Kudos to Chet for writing about suburban gardening and to you for posting it! I have been a suburban gardener for the past few years and can concur that the first thing you learn is that there is a lot to learn, mostly by trial and error. There is no substitute for experience. I have a hint for suburban gardeners turning their lawn into a a garden bed. You don’t have to dig up the grass when you convert a lawn in to a garden. Just spray the proposed garden bed lawn area with Roundup® weed killer in advance and let the grass die. Then hoe just enough of the the dead grass in rows to plant seeds, or seedlings, and leave the remaining dead grass in place. The dead grass works as mulch, holding moisture and preventing weeds. Also, soaking seeds overnight in water before planting can help them to germinate.
All best, – John M. in Florida

I wanted to add a tip to Chet for his gardening adventures: In owning a horse ranch, I have many gardeners who come each spring and get pick-up loads of [well-composted] horse manure. I have a 20 year old composted pile of rich “Black Gold” as we call it. I’m happy to allow people to come get free loads for their gardens. I use it in my own gardens and you cannot believe the results! I recommend you check with any local horse farmers and ask if it’s available, most of them have a pile of it somewhere if they’re not spreading it in their fields, are happy to have it taken away. Make sure you get the old composted manure, not in it’s raw form. – Merry

Chet’s points about amending soil are important. For some readers in urban areas they may find that soil amendments are available for free. At my landfill the greens materials (lawn clippings, Christmas trees, and even clean wood) are recycled into mulch and then sold and even offered free to local residents. [JWR Adds: I urge caution when using wood chips for amending garden soil! Many varieties of wood chips will badly stunt a garden, by absorbing and locking up needed nitrogen. Do your research and inquire carefully on the exact composition before taking any free “green waste” for composting.]

I make it a point to take advantage of the policy which offers me up to two cubic yards of compost or mulch free per year. Extra material can be shared around so that friends/neighbors will be less needy in the future too. Find out if your local landfill has such a recycling program. If so take advantage of it. Put your cash into other preps which can’t be had for free. – Beth F.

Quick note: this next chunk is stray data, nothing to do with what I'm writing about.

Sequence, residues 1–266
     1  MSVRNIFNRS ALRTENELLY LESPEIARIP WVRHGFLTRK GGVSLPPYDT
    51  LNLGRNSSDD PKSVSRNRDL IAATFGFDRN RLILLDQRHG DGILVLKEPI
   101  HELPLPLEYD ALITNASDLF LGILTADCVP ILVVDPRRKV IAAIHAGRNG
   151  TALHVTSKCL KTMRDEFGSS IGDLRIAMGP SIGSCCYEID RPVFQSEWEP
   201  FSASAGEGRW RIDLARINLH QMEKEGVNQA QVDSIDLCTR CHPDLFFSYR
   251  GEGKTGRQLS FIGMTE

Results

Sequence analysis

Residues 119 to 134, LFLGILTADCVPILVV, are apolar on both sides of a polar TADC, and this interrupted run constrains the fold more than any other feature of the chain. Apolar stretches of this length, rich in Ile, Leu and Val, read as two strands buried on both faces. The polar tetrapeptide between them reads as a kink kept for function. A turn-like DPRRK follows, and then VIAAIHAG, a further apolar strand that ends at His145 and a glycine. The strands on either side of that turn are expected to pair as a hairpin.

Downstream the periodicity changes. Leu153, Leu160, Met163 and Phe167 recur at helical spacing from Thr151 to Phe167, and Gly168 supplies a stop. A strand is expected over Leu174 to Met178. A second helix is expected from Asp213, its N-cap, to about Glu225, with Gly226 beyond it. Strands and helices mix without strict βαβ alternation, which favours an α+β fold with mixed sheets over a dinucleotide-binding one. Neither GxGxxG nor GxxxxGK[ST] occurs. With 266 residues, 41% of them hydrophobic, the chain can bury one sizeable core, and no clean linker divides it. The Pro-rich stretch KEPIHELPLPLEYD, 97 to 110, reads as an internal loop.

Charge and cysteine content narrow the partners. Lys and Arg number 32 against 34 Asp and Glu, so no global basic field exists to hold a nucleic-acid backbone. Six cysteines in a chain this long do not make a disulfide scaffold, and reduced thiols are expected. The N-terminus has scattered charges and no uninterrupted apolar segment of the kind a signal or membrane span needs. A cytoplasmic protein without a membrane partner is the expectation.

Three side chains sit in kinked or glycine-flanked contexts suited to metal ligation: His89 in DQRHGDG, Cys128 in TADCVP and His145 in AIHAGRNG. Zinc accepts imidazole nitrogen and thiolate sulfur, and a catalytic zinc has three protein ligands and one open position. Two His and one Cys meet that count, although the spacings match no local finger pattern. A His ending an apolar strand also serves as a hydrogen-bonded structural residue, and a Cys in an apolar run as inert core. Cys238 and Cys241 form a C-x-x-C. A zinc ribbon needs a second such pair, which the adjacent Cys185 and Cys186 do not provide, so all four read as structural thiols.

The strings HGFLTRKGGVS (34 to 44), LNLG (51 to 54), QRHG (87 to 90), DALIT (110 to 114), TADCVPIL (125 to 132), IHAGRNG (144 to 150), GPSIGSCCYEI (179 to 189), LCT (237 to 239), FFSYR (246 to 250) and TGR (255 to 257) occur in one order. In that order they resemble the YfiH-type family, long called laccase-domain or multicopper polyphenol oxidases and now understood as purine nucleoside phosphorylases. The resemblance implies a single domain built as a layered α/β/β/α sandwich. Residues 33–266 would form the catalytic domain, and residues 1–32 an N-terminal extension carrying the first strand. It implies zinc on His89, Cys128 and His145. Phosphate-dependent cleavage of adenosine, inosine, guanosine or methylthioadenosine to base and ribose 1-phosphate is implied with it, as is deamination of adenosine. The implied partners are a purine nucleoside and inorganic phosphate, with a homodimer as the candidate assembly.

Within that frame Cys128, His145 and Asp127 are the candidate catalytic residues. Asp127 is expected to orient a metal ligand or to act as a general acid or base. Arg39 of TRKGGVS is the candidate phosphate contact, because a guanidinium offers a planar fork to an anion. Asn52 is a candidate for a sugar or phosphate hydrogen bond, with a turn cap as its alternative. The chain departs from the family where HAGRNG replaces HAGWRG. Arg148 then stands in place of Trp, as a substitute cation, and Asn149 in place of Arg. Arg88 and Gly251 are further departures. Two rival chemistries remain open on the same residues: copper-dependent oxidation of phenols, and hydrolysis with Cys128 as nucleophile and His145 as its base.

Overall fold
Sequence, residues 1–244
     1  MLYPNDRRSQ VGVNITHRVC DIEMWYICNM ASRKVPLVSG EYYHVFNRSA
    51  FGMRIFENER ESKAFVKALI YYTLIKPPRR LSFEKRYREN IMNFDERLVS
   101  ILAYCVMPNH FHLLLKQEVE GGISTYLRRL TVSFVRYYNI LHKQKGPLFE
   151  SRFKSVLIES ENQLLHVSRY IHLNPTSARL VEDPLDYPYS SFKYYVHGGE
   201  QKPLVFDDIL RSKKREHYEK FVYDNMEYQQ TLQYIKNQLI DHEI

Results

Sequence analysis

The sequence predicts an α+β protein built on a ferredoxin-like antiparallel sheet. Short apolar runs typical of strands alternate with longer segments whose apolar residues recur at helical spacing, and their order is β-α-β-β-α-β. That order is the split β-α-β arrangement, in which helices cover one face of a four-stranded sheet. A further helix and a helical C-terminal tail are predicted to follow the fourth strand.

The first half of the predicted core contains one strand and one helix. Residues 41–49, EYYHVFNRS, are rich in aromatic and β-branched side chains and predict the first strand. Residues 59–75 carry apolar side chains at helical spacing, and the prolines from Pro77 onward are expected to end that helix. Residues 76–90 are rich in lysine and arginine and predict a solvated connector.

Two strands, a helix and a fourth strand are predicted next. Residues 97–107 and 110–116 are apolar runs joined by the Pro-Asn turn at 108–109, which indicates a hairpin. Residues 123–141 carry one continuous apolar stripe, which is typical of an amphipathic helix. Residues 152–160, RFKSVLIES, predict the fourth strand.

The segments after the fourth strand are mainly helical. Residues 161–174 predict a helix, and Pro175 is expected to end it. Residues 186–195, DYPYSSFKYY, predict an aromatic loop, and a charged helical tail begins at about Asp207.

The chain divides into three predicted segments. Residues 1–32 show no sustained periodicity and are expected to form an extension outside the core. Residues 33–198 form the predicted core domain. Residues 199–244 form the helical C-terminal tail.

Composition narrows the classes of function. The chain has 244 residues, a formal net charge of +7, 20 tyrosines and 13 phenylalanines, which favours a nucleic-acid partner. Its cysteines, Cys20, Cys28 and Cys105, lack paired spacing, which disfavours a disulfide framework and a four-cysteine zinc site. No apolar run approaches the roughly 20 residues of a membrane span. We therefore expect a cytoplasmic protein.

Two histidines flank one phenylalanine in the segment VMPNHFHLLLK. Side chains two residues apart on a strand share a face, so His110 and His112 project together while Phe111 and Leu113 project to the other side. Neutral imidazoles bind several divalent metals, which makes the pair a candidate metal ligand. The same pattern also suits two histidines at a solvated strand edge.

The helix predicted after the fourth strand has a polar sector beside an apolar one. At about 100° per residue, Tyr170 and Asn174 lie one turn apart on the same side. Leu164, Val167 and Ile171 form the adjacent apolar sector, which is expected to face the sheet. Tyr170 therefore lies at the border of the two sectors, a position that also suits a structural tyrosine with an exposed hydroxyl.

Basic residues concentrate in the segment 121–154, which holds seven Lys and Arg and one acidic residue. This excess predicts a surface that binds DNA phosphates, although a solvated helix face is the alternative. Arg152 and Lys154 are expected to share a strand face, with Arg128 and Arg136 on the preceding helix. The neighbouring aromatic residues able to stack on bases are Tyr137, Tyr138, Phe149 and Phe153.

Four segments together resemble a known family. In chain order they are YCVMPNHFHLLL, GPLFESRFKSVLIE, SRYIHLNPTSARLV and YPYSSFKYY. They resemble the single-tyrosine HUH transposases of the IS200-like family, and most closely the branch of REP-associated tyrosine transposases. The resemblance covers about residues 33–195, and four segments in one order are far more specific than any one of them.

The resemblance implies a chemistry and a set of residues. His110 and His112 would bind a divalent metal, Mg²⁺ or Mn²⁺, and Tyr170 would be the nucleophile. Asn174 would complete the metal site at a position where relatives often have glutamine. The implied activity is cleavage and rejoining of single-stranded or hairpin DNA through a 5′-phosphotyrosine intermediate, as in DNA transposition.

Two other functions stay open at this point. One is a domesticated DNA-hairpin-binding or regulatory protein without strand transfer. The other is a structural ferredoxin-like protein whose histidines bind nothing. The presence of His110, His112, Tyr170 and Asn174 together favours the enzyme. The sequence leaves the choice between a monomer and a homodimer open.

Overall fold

Mr. Rawles,
I wanted to expand upon something mentioned in the above letter. The solution to the writer’s problem of buying soil amendments for his garden — at high prices now, and probably unavailable in a crisis situation — is raising chickens. A small flock of urban chickens provides a ready source of high-nitrogen manure for the compost pile, approximately 50 pounds per bird per year! And, beyond the obvious benefit of also providing eggs for the table, a free-ranging flock of laying hens can serve as garden helpers — as they forage, they dig and till the earth, and they devour insect pests. I refer interested readers to a most excellent book on this specific topic: “City Chicks: Keeping Micro-flocks of Chickens as Garden Helpers, Compost Makers, Bio-reyclers, and Local Food Producers”. Together, home gardening and chicken keeping can save you money and put more food on your table. – Lee in Michigan

I have been gardening here in Texas for a few years now, I have switched over to the square foot gardening method this year with great results. If you are considering getting into growing your own food for these uncertain times, now is the time to get started. Have your beds in place now while you have the gas and cheap supplies to prepare your soil for long term growing. All of my beds are raised beds and this year I have used ‘Mel’s Mix’ [as described in the book All New Square Foot Gardening] since I have good cheap access to the materials needed to make it. This is a maintainable soil after it all hits the fan. I use cedar fencing material for the raised beds and as I can afford it I will switch to Trex [synthetic decking boards] or a similar material. The raised beds with proper spacing makes it easier for this old back to weed and harvest. I can fence and cover with bird netting each bed if need be. I currently have most of it contained in a 5′ foot high fenced area to keep out my dogs and my free roaming chickens. All told I have 11, 3′ x 6′ beds, 4, 3′ x’ 3′ beds, and 1 6′ x 6′ bed. It is all in my standard corner lot suburban lot. I’m growing three beds of corn, one bed of spring wheat as an experiment, one bed of green peppers mixed with onions, two small beds of sweet banana peppers with strawberries mixed in low. Three beds of tomatoes (two of which are mixed in with potatoes), a bed of blackberries, a bed of watermelon, a bed of cantaloupe, and a large bed with five blueberry bushes and strawberries. The majority of my plants are heirloom [open-pollenated] plants so that I can save the seeds. Doing this now and having it in place and growing is much better than after the Schumer hits the fan. As Chet points out this is hard work without power tools and easy access to supplements. You too can do this, now get out and do it! – Ken L.